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Bangkok

Arriving in Bangkok at midnight is just about perfect. No worries about wondering how to sleep with jet lag, why would you want to? This is peak time.

Khao San Road

Villa Cha Cha is our home for the next few days and it’s in the heart of the action, just off Khao San Road. With no bearings to help us that first night, we plunked our butts into two comfy chairs on the strip, ordered a jug of Singha and watched the party walk by.

This has been an intense introduction to Thailand. By day we walk in the heat among throngs of tourists. 36 degrees and humid but we’re wearing long pants and closed-toe shoes so we can visit the temples. By night it’s a party. No humility required now. The streets transform from ordinary to extraordinary every day. My first morning here was confusing, did I walk out of the wrong door?

Day 1 – The Walk About

Strap on your walking shoes, this is going to be a long exhausting day. We picked up a tourist map, downloaded a google map and headed  out into the streets of Bangkok. We were completely lost for the next 7 hours. Asking for directions was just inviting trouble from scammers.

Beware of scams, and traveling with polite and gullible husbands. We were right across the street from the Grand Palace when a policeman approached us. I tried to walk away, but Ray engaged the fellow in conversation. The Grand Palace is closed. This is how every Bangkok scam starts. The monuments are not closed! The nice policeman suggested we take a tuk tuk to two other monuments, only 40 baht – a heck of a great deal. He even showed us right to the driver we should use. I begged Ray not to go, but the only way to prove him wrong was to go along. An hour later and only 40 baht down, we’d visited a jewellery store and were back where we started. We avoided another similar scam the next day, and finally got to see the Grand Palace, but Ray would have surely gone for another joy ride.

There was a bit of truth to some of the temples being closed today. The monks were worshipping and needed some space. We visited many temples (only one closed) but don’t ask me where or which ones, just none of the ones we were looking for.  We met monks and watched ceremonies and ate street food and walked, often in circles.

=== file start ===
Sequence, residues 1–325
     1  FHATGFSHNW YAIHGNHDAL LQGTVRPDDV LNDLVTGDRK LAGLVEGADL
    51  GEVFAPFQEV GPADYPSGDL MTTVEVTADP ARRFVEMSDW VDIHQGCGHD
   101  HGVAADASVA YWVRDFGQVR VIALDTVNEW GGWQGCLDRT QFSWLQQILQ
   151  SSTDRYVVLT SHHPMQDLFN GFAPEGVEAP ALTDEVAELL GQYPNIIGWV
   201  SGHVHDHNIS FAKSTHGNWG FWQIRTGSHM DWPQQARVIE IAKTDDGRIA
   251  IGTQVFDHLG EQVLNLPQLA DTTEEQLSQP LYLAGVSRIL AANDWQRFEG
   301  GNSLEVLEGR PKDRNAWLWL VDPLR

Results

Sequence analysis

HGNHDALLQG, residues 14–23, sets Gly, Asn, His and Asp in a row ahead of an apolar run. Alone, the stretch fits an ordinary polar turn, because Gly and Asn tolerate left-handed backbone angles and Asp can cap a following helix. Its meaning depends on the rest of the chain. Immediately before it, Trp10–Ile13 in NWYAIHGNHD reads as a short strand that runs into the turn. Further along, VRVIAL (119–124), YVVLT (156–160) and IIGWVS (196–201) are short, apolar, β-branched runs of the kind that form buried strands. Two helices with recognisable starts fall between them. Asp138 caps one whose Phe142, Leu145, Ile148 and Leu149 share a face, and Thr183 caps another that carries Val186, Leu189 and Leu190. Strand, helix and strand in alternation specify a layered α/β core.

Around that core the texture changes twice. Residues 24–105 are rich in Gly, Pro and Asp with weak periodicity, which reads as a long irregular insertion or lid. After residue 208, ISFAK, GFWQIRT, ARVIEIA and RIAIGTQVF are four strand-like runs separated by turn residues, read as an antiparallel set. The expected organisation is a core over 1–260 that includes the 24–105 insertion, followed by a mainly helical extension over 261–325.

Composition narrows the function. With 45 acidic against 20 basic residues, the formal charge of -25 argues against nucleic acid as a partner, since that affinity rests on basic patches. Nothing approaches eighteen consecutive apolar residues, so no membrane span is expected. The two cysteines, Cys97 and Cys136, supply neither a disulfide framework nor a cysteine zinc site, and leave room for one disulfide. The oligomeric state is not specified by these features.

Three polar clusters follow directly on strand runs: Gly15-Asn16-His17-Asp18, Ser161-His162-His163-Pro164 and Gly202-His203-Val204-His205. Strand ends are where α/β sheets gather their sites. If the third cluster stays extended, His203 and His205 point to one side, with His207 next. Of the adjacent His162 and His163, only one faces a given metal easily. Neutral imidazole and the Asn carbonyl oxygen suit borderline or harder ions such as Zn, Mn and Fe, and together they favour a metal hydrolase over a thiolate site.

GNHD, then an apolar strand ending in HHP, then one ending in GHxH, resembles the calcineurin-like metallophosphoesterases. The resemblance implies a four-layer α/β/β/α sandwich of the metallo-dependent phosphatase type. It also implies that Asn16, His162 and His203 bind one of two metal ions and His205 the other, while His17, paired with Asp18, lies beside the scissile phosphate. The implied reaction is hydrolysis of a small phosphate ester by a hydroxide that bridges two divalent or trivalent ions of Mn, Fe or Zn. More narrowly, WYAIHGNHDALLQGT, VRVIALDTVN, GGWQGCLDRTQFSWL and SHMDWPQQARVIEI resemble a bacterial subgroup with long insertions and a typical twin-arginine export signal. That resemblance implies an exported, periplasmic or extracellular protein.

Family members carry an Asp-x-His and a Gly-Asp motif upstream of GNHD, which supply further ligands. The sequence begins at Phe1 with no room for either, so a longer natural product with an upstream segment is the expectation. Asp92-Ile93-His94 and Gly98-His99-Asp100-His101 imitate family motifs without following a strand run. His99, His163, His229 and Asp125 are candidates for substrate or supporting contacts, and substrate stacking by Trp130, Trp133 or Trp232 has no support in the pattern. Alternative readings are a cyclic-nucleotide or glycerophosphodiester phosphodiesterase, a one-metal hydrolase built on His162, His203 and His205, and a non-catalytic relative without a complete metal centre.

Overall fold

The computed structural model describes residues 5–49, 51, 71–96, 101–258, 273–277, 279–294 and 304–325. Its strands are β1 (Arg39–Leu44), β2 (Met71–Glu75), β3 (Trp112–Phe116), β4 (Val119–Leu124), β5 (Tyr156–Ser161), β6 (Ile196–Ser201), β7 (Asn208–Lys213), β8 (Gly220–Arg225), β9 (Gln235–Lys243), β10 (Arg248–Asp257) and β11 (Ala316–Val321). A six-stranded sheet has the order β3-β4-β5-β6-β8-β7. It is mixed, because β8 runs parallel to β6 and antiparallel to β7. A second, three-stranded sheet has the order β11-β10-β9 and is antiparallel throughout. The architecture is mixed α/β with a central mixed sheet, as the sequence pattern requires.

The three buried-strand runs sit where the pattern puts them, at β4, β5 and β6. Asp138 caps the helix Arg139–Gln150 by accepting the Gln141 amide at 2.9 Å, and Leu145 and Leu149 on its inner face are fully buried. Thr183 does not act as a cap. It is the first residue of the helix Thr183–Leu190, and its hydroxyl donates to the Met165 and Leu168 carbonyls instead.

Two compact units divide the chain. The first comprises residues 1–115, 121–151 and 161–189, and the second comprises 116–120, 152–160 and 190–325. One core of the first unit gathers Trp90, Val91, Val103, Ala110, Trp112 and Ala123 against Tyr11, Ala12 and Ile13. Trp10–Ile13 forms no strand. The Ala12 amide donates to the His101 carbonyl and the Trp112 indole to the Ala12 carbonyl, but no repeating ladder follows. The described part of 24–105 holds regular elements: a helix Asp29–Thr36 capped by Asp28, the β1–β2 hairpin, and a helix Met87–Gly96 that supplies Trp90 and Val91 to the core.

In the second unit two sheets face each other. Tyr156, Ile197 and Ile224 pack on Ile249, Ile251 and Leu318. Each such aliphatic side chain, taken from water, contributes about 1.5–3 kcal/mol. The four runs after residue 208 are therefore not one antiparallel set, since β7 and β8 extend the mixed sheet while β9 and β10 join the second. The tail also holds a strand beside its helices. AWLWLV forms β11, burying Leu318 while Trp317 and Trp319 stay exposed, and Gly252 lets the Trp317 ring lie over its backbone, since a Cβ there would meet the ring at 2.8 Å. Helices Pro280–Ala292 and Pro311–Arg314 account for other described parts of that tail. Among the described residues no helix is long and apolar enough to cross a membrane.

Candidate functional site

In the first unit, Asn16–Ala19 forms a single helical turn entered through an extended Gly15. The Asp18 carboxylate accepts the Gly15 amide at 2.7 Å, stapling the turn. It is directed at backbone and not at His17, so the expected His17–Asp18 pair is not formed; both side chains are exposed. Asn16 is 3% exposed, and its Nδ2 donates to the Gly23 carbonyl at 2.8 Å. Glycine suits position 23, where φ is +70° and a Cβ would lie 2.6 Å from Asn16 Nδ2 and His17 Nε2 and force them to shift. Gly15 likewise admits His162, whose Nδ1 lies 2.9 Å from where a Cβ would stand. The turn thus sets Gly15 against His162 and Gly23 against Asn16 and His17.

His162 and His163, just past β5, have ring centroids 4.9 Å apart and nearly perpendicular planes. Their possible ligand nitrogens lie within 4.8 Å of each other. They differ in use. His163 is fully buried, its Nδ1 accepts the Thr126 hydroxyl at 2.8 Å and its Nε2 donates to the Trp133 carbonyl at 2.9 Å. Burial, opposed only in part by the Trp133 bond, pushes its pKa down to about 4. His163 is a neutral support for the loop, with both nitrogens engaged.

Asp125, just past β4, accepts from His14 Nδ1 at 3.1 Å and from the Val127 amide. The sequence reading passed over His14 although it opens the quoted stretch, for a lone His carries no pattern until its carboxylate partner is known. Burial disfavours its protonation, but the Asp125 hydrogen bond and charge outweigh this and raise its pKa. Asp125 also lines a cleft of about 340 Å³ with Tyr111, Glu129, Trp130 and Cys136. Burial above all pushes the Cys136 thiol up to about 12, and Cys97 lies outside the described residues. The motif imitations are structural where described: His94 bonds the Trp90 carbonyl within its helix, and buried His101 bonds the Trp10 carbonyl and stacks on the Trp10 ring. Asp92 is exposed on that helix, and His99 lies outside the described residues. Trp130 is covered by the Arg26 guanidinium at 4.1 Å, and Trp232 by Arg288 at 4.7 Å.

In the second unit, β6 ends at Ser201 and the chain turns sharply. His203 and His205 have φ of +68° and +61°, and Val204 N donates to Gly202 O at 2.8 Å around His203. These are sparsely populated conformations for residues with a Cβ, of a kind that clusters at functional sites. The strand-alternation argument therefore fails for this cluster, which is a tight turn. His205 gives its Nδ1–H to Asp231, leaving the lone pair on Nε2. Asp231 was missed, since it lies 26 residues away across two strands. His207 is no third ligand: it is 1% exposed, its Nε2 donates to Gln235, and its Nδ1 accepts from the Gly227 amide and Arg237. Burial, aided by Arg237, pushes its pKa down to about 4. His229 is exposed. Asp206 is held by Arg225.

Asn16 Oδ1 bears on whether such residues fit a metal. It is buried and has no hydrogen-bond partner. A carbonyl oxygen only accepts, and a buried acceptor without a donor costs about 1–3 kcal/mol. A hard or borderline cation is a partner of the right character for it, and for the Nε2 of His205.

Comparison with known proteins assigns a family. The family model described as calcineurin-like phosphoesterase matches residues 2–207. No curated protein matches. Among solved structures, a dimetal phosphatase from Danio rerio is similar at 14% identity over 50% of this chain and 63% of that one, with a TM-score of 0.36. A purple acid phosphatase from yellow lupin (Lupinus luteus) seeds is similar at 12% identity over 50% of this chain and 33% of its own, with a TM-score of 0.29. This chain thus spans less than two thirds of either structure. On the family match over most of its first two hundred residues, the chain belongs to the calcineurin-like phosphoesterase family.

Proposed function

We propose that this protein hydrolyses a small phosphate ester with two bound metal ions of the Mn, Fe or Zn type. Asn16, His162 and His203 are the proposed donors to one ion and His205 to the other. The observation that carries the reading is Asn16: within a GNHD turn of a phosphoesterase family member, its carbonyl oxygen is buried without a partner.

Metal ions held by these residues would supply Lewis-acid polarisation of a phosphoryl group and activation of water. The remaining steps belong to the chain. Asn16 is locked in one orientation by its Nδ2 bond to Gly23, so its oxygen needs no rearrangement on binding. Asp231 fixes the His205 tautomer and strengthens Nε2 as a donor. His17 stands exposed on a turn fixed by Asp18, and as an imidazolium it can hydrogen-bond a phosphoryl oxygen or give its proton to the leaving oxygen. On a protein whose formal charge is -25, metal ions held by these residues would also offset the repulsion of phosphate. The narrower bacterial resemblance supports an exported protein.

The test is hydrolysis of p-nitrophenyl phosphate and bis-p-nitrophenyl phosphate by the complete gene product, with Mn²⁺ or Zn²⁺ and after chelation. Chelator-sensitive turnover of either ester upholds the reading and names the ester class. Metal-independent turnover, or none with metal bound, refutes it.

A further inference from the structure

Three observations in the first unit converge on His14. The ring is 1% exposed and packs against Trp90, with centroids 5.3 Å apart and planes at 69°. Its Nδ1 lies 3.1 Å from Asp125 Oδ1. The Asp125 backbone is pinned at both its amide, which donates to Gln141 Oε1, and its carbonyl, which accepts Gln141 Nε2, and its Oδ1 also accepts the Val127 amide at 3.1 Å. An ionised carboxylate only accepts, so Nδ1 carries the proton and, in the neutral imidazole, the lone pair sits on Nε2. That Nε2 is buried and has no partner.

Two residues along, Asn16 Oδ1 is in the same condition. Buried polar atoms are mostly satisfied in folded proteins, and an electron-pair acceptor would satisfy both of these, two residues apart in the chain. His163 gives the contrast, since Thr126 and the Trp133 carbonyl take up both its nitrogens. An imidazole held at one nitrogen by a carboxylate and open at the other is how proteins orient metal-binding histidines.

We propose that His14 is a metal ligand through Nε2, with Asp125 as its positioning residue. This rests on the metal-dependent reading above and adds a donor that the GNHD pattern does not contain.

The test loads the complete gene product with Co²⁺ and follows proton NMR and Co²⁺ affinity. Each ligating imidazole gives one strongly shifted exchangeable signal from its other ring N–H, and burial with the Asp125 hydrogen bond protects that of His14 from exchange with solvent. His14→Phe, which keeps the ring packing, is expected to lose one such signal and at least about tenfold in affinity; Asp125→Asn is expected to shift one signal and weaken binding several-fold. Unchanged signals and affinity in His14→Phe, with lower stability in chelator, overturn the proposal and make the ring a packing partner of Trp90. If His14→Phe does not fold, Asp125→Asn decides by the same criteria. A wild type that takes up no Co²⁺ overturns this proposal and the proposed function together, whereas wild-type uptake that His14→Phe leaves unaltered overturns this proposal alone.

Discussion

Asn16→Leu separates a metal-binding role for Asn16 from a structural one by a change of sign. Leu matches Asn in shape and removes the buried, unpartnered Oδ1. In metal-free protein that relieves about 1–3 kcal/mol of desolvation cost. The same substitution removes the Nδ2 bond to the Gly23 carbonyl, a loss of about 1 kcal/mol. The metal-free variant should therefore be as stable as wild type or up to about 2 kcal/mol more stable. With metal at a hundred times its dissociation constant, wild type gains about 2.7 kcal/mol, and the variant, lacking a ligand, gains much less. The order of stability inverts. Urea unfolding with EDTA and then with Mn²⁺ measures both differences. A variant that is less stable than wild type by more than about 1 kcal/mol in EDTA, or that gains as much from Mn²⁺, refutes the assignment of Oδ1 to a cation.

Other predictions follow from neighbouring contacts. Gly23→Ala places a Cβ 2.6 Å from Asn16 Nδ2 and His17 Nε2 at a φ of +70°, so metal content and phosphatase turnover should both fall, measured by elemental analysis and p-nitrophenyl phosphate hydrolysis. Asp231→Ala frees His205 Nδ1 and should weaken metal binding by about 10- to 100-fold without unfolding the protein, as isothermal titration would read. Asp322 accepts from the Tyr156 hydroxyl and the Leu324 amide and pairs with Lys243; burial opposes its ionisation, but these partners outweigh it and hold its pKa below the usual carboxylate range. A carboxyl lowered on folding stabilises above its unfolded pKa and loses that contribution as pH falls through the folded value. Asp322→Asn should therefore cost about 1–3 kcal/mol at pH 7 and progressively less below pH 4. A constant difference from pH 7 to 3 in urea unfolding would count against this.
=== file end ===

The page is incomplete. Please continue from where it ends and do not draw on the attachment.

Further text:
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Street Food

As we walked, we ate. I ate Pad Thai once, and a skewer of chicken with a sweet hot sauce for dipping. For the rest I have no idea. I had one bite out of some deep fried green veggie thing, and threw away the rest. We had soup with things that looked like little fish penises in it. At the end of the night we had some sweet crepe with cream that was to die for. We took all chances, this is what antibiotics were invented for. We washed all of it down with cold beer. Fantastic!

The street food in Bangkok is famous, but it’s also cheap and plentiful. The only meal I had that wasn’t really top notch was in a restaurant.  It’s been three days and I’m not sick so go for it – I’m always sick in India.

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The Temples

You can’t walk down a street without bumping into a temple: Wat Phra Kaew and the Grand Palace, Wat Pho the reclining Buddha, Wat Arun, Wat Traimit, Wat Saket, Wat Suthat and hundreds more. It doesn’t get long for Buddha fatigue to set in.

For me these are all fabulous monuments, but for the Buddhists making pilgrimage to the city they are sacred sights. Among the throngs of tourists wearing lavish elephant pants  to satisfy the dress code, are true worshippers trying to pray and meditate amid the mayhem. Please, if you visit show true respect.

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Exploring by Water

Standing room only on the ferry

You must absolutely explore the Chao Phraya River by boat when you visit Bangkok. There’s a hop on hop off boat that takes you all over the city. Tickets are 120 baht for the day (about $7). The river is as busy with boats as the streets are with scooters. Don’t think about safety, just enjoy the ride. If you’re brave use the local ferries to cross the river, $4 baht per person, The boat is loaded to capacity, standing room only and then leap frogs across the river between all the other boat traffic (and against their wakes).  600 baht will get you a tour of the canals, but we were too cheap for that.

We say good bye to Bangkok today, heading north to Chang Mai on the overnight train. Three nights was perfect, Bangkok has exhausted me. It’s time for some mountains.

Surviving Long Flights - Drugs, Alcohol and Meditation
The Overnight Train to Chang Mai

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